“But we need to have a lot of programs that allow people out without bail,” the judge continued. “If we have a DUI case, maybe we can have that person enroll in an alcohol prevention program before they come to trial. That can be part of the pre-trial services release at a low cost. We can have lower-level personal cash bonds — maybe $100 to $250 for a misdemeanor — that the defendants get back when they go to trial. How it works now is that a defendant has to come up with a large amount of bond money to get out, and that is the only thing on their mind at that time. We’re causing hardships for people who don’t deserve it, overcrowding the jails, and the only people making money off this are the bonding agents.” (emphasis added)
That last bit, coming from a judge who is afraid to speak out publicly, tells volumes about the political environment in which these decisions are being made. I hope McGraw's next step is to examine bonding agents' campaign contributions to judges and county officials, including the ones most aggressively shilling for the bondsmen's interests, and to file open records requests to document communications between the bonding agents' lobbyist Gib Lewis and local officials.

Tarrant is still a Republican county, for the most part, but this isn't a partisan issue -- there's nothing conservative about using government institutions to service the bottom line of special interests who make big campaign contributions. Thankfully, some Tarrant County officials are more committed to doing justice and protecting the taxpayer than to carrying political water for the bail bond industry.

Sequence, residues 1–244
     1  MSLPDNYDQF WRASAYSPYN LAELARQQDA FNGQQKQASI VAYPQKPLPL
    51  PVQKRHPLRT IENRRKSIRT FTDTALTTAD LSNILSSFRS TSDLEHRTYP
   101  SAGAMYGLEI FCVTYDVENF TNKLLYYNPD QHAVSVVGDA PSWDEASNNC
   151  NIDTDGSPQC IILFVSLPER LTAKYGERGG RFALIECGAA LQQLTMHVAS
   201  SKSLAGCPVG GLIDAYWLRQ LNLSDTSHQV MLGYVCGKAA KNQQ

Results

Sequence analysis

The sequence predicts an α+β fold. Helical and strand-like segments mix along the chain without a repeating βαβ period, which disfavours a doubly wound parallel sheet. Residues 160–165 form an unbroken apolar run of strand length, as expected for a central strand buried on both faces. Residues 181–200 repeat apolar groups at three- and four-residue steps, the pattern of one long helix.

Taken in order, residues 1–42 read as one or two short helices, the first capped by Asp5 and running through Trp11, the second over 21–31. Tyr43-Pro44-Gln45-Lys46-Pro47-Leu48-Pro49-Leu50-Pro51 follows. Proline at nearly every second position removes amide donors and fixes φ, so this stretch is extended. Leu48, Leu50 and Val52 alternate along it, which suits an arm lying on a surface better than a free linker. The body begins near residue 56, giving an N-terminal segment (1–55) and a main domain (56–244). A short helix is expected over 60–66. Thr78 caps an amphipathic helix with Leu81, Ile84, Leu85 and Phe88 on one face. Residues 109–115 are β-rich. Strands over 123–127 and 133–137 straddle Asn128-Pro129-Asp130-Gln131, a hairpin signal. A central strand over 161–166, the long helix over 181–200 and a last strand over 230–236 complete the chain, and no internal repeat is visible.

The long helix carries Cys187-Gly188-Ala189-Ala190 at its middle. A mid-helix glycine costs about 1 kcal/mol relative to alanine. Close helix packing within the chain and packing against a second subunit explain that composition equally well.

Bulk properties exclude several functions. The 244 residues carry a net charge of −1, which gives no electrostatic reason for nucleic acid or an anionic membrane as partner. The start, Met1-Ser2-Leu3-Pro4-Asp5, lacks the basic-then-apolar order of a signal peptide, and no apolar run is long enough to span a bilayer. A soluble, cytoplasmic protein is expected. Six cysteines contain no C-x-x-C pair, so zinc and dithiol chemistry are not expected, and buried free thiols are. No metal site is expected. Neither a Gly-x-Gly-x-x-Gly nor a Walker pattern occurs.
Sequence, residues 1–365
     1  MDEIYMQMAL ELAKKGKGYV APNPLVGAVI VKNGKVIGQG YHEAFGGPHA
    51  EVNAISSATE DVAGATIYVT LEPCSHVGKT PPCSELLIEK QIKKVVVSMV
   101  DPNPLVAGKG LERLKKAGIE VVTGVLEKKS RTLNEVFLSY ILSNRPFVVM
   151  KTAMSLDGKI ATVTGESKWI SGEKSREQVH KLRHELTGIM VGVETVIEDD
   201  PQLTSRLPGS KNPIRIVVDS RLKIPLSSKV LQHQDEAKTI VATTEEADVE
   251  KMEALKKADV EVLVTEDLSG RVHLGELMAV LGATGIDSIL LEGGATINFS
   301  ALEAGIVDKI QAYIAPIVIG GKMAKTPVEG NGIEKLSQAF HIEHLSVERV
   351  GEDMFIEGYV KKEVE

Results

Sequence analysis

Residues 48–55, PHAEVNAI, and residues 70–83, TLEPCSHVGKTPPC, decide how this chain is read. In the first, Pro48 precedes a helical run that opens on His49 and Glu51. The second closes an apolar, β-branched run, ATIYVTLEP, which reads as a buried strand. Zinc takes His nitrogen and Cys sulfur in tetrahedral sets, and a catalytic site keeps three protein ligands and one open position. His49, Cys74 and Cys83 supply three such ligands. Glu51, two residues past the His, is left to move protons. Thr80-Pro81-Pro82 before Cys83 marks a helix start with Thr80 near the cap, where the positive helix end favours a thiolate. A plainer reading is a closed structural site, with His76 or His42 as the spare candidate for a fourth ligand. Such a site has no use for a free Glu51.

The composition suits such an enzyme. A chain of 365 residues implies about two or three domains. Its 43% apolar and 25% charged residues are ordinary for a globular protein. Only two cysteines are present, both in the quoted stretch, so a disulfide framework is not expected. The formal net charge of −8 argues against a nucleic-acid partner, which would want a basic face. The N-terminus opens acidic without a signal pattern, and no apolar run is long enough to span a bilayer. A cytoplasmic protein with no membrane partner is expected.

Judge Coffey likens the criminal booking process to a hospital emergency room. “If you have one person with a cut finger and another patient suffering from a serious heart attack, the hospital treats them very differently,” Coffey said. “The person with the cut finger gets a bandage and instructions for follow-up care and is sent home. The heart attack patient has to stay in the hospital for his own good.

“So many times in our court system here, we are treating the inmates with minor charges very similarly to the ones with serious charges,” he said. “We have to get better at doing criminal justice triage. I am not for letting serious offenders out. But I am pro-taxpayer on this one. Because of the way this system works right now, we have people being confined to the jail — some for just a few days, others for weeks and months — who are not dangerous and pose no threat to the community. These people show up at a very high rate for their court appearances. We have new ways to monitor them. We need to make the system work, so that people who do not need to be confined are not.”